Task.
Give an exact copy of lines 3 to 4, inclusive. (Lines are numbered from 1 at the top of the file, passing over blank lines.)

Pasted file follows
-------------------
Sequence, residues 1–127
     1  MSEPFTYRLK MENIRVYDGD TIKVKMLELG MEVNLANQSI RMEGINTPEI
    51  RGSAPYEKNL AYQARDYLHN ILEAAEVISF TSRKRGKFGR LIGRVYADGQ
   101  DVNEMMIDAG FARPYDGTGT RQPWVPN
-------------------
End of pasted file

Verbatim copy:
    51  RGSAPYEKNL AYQARDYLHN ILEAAEVISF TSRKRGKFGR LIGRVYADGQ
   101  DVNEMMIDAG FARPYDGTGT RQPWVPN